January 26, 2019
The “Five Point System” is a way to organize explicit work towards refactoring React code into best practices. While all new work should already be up to snuff, sometimes you need to create tickets that tell developers how to get the existing code into a good place. This is a good place to start. Investment in best practices requires more initial investment, but the result will have less bugs and be more future-proof. Over time, this will result in higher and more consistent throughput, and higher developer satisfaction.
The Five-Point System is a set of steps that you can use to direct much of the work that goes into component creation.
Lots of small components is better than a few larger components.
Each component being one level of depth is ideal, because it makes a shallow snapshot an effective test.
Not every component needs to be exported, but it makes testing easier; not every component needs its own file, but it makes separation of concerns easier.
See Container/Presentation Separation.
If your component has any non-presentational logic, create a container to wrap the presentational component, regardless of if it connects to state.
It’s best if you create a folder and separate file, but putting both in the same file is fine.
compose to create to wrap the container. Use as many layers as necessary — Recompose layers add negligible overhead, and multiple layers allow for good separation of concerns.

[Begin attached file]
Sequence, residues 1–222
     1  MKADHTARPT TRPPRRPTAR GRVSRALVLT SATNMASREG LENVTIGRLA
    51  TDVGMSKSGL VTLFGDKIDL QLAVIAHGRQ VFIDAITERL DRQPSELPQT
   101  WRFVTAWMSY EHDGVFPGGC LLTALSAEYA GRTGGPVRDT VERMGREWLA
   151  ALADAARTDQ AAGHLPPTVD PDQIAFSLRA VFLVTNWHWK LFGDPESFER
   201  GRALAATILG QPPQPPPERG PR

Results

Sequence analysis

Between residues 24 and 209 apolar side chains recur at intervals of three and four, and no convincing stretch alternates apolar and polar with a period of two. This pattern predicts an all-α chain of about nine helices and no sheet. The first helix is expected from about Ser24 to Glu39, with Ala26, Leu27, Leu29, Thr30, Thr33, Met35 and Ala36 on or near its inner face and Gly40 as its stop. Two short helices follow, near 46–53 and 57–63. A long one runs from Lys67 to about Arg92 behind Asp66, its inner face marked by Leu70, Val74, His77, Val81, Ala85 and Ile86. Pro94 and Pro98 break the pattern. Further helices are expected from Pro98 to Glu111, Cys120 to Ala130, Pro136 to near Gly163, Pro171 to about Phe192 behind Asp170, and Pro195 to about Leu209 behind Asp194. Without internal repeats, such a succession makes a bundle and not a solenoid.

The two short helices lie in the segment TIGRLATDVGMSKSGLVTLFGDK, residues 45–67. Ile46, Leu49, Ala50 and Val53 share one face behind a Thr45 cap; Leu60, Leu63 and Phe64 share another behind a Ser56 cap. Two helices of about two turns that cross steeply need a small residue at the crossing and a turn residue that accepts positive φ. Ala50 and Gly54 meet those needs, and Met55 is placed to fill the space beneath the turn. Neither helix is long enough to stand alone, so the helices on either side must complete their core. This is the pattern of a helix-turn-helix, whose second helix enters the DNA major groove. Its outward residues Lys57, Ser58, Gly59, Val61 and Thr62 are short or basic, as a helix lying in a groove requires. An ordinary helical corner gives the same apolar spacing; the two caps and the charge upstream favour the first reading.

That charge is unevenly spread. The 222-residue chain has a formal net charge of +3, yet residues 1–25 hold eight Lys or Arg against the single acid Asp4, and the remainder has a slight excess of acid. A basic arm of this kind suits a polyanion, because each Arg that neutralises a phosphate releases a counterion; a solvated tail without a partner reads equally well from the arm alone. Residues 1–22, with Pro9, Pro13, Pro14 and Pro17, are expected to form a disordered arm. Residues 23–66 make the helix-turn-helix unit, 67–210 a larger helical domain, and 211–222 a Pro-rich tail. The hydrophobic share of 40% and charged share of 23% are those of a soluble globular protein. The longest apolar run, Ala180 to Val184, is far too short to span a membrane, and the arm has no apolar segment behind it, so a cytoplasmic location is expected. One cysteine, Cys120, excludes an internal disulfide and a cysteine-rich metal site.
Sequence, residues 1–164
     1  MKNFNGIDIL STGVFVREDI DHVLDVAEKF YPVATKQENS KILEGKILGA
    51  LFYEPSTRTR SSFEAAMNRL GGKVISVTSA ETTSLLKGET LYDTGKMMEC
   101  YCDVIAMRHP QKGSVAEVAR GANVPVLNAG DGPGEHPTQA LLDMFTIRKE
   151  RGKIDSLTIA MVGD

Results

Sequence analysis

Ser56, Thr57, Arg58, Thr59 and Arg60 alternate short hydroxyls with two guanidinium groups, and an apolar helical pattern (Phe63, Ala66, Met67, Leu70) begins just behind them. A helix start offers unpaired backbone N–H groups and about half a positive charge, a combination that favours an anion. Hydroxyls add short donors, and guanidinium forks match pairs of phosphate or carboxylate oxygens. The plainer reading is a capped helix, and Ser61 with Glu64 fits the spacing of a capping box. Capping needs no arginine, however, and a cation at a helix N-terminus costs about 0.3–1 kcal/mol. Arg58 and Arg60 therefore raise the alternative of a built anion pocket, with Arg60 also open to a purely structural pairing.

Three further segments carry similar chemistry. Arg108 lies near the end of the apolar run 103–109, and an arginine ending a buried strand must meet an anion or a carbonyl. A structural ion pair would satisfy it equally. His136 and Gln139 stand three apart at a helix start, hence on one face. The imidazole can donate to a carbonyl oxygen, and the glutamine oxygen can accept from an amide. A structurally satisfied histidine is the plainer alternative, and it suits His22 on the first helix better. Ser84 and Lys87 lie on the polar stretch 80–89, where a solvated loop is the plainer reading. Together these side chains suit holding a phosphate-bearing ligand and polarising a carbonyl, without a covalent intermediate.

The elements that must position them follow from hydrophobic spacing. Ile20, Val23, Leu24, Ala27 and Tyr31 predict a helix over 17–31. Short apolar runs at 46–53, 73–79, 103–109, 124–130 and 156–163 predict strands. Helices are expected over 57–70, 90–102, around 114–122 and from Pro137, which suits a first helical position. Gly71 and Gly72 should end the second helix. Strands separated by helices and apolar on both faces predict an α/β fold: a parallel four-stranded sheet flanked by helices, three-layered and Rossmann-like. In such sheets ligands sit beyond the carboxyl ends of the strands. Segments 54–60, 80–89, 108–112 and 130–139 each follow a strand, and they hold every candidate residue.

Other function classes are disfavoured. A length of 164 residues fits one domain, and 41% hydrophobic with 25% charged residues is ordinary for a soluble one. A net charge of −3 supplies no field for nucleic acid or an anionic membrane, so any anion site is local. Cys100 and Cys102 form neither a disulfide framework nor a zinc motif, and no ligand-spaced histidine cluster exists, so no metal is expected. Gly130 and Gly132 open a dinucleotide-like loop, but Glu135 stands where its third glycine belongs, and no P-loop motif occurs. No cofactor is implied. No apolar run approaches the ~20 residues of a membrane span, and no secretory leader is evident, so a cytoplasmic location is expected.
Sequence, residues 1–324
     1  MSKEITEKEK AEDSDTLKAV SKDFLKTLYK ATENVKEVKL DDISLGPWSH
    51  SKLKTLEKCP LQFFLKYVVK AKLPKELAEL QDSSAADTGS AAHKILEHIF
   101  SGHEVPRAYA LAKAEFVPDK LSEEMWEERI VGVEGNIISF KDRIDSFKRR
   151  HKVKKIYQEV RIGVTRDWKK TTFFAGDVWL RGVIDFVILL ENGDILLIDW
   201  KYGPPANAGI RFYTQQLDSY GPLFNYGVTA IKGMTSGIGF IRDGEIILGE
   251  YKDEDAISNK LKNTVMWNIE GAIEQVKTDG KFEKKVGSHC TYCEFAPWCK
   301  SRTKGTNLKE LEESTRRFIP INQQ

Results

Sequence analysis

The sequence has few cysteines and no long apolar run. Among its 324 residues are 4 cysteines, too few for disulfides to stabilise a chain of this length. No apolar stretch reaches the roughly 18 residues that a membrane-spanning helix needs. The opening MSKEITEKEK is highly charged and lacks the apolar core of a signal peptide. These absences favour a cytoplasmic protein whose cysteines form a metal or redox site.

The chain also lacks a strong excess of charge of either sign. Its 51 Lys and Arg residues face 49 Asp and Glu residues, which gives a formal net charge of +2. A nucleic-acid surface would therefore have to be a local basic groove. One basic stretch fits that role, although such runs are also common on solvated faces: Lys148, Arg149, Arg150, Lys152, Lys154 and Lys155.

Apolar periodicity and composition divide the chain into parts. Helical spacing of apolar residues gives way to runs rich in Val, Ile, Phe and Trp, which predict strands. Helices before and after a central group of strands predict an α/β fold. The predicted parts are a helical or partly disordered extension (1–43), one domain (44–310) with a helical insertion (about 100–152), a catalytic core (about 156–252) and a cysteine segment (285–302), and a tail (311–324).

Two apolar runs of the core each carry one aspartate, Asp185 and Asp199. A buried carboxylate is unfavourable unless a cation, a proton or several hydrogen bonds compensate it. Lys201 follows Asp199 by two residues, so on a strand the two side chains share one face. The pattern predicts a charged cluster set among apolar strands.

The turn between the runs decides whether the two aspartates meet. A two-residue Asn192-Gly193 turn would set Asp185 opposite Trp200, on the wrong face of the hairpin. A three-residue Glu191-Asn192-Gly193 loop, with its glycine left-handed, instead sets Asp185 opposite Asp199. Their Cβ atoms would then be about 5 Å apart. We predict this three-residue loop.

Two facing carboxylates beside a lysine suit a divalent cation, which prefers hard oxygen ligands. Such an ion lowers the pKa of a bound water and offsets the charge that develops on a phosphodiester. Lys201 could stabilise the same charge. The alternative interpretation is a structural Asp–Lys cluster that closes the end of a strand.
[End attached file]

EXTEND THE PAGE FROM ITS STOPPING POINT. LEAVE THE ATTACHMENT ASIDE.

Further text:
const enhance = compose( branch(shouldDisplay), withHandlers(handlers), pure, ..., );
How do we accomplish this?
EXTRACT ‘TIL YOU DROP
Extract functions until you can’t anymore.
“The first rule of functions is that they should be small. The second rule of functions is that they should be smaller than that.”
How do you know your function does only one thing?
Connect to components at the lowest level possible, using whatever state management system you’ve got. In general, connected props should be used immediately in that component and not passed down. While base React works fine with prop-drilling, this is highly susceptible to bugs and ties you to your implementation. Usage of a system to pass data around is highly encouraged.
Connected props should typically be primitives (ie. not an object or array). There are occasional exceptions (particularly arrays of IDs), but they should be rare. The point of this is to avoid unnecessary rerenders due to unrelated data.
Particularly when we’re writing new features, it’s important to write good tests and get good test coverage. As the author of a new feature, you’re in the best position anyone ever will be to keep that feature stable! Branch coverage on your new files should be at least 80%, and you should aim for 100% at all times (it’s not as unrealistic as it sounds!).
If you write your tests before you refactor your work, you’ll both work faster (counterintuitively) and have higher confidence in your work. See Test-Driven Development for more.